“Done its work”? Tell that to Robert Krentz — or rather to his survivors, since the lifelong Arizona border rancher was murdered last month, likely by an illegal alien using a smuggling route through Krentz’s ranch. The border “fencing” near his land touted in DHS publications is no fence at all — it’s a vehicle barrier, intended to slow vanloads of illegals and dope, not to keep out people. And even this fencing may be too much for this administration; the “virtual fence” of cameras, sensors, etc., all integrated with Border Patrol agents in the field, was offered as an alternative to a real fence, which was required by Congress but which neither the last administration nor this one really wanted. Now that the virtual fence has been shelved as well, there are no plans to cover those areas with genuine fencing.
That’s not all. The fiscal-year 2011 budget request includes a cut in the number of Border Patrol agents. The number of deportations under Obama’s policies had dropped so much during this fiscal year that the immigration service was compelled to institute quotas in an attempt to get the numbers back up to more politically defensible levels. Raids of worksites with lots of illegal workers have been replaced by audits of personnel records, carefully timed so agents won’t run across an actual illegal alien they might want to arrest.
And the icing on the anti-amnesty cake is the chaos in Mexico, a low-level civil war, really, in which vicious drug cartels are taking time out from battling each other to launch military-style attacks on the army and police, and now even American government personnel. The lack of adequate border security makes a mass influx of refugees from Mexico more likely and dims the public’s and lawmakers’ appetite for amnestying 11 million illegal aliens.
In fact, the talk of making a push for an immigration bill was intended at least partly, as Politico observed, “to keep Latino members from breaking out in full-scale revolt over the health care bill’s treatment of undocumented workers.” Now that the health-care bill has been signed, promises made to the Hispanic Caucus have passed their expiration date.
A fear expressed by some Republicans on the Hill is that if Democrats get shellacked in November, they’ll come back for a lame-duck session and ram through amnesty on a party-line vote, with retiring or defeated members free to disregard public opinion. And the Democrats are clearly considering it; Sen. Robert Menendez of New Jersey told a home state newspaper last week:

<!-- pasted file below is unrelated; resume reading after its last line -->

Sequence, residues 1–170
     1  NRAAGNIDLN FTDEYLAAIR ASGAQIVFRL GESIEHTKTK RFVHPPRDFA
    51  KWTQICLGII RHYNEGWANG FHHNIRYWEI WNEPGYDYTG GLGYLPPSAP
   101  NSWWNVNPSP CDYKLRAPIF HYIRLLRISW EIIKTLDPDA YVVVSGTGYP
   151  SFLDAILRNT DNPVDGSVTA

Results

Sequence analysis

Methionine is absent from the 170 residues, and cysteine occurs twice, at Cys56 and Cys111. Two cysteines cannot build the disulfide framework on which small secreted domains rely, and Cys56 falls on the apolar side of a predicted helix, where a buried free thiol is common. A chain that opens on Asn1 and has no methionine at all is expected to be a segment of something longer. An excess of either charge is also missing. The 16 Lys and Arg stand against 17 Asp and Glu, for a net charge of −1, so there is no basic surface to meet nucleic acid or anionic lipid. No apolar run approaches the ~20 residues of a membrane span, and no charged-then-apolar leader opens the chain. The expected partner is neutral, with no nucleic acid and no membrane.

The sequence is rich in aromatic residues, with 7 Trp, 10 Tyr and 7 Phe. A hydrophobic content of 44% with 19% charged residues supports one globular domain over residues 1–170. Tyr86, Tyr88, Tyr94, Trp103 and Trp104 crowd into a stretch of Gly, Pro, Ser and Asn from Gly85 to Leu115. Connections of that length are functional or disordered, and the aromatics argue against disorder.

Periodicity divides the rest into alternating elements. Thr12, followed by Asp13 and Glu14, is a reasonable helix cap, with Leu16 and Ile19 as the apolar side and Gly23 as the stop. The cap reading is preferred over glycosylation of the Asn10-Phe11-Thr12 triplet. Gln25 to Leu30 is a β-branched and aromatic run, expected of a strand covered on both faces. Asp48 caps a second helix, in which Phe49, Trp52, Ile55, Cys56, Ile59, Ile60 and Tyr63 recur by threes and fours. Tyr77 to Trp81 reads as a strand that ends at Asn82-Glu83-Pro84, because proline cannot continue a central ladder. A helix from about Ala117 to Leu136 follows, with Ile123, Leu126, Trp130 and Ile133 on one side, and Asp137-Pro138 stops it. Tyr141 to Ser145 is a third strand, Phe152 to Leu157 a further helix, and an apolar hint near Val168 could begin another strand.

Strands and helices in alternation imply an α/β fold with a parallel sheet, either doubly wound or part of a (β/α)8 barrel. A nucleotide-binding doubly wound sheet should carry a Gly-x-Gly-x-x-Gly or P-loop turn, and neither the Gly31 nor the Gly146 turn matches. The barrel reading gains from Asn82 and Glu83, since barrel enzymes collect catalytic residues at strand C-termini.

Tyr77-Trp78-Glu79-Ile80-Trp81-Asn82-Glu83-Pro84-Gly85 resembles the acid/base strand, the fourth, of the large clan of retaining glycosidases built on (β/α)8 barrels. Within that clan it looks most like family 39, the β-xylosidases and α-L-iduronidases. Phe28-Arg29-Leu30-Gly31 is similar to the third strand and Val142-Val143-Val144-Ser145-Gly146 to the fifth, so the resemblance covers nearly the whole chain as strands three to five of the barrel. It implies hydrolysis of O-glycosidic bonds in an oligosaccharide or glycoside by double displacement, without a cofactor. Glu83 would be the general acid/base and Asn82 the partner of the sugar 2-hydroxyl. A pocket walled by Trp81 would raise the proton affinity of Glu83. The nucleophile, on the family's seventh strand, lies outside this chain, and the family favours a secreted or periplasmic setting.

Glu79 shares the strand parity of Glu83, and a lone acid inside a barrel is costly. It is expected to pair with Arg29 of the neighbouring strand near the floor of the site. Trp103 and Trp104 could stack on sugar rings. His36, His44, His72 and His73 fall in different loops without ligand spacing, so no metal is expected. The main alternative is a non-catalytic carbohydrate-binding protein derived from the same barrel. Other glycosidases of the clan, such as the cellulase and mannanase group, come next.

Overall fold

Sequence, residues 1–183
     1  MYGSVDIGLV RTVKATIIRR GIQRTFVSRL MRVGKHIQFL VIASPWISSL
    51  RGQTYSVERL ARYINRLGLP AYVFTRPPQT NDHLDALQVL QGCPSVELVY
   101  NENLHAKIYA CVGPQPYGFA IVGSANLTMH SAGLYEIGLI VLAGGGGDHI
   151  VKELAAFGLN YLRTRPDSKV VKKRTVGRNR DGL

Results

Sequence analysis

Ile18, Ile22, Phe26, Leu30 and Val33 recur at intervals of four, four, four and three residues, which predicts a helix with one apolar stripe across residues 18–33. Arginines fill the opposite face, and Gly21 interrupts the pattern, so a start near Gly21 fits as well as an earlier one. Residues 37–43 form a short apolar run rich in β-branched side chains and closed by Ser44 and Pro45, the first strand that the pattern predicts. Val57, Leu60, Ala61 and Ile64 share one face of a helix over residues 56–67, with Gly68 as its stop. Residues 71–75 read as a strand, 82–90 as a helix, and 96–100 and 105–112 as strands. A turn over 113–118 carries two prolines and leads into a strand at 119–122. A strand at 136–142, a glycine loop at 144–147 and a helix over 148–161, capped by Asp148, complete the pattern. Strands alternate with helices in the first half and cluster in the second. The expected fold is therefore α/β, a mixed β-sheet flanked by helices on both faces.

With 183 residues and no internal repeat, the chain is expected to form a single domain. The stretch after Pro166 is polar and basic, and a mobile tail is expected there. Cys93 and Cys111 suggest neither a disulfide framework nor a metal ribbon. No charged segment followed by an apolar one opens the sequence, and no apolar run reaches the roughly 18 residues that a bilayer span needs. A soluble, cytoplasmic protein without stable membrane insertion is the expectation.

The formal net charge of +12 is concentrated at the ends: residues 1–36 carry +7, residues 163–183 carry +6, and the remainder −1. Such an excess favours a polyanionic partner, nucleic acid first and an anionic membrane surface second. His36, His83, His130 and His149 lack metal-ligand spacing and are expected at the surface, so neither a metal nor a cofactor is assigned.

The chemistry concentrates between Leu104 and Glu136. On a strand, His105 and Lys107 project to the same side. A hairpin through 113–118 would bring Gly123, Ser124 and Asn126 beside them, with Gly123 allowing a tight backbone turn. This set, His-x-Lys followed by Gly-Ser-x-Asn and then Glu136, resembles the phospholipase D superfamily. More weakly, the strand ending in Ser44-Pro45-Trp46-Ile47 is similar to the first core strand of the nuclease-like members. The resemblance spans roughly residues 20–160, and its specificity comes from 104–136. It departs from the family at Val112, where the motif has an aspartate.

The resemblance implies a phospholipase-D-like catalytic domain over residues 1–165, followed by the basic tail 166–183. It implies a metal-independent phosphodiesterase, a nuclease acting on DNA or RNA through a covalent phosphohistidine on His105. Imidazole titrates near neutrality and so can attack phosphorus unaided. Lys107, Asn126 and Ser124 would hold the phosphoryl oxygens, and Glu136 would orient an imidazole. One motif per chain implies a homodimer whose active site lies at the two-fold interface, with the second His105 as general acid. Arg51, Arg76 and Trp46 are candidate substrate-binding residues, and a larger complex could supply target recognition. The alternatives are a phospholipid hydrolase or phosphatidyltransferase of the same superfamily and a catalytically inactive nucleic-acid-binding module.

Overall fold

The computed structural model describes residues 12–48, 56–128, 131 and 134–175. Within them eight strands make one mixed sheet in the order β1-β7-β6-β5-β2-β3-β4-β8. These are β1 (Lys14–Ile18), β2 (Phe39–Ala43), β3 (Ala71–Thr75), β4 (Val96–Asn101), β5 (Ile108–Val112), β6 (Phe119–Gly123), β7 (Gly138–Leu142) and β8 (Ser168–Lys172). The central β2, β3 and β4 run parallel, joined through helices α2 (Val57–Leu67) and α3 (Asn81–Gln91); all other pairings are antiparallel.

I think the time to get it done is in November, right after the elections. I’m being very pragmatic. I think there are a bunch of people who are retiring who would cast votes [because] their heart and their intellect tell them it is the right thing, but their politics might have told them no. They are free to cast votes that we might not normally get.
Eternal vigilance is, of course, required to prevent such an eventuality, but I’m not sure the threat is serious. Lawmakers have sense enough to know that a lame-duck amnesty bill, in the wake of big Republican gains in Congress, would be an even more ripe target for repeal, or at least de-funding, than Obamacare.
Two final observations. The fact that amnesty is not going to pass this year just means that we’re going to avoid a catastrophic mistake; it doesn’t mean that Congress will act, as it should in such a slow job market, to reduce the level of immigration. Even in this environment, the immigration debate remains stuck in the “legal-good/illegal-bad” rut that has circumscribed public discussion of the issue for far too long.
And this: Liberal Washington Post columnist Harold Meyerson asked some activists what they’d do if the president didn’t follow through and make a big push for amnesty. Here’s how they responded:
“We will go into the field,” says [Rep. Luis] Gutierrez, “like the civil rights movement and the suffragists did.” “We will escalate,” says Gustavo Torres of Casa de Maryland, “to civil disobedience.”
Civil disobedience — by illegal aliens. The chances of an amnesty passing may be slim, but the show sure should be entertaining.
– Mark Krikorian is executive director of the Center for Immigration Studies, an NRO contributor, and author of The New Case Against Immigration, Both Legal and Illegal. His next book, How Obama Is Transforming America Through Immigration, is due April 20.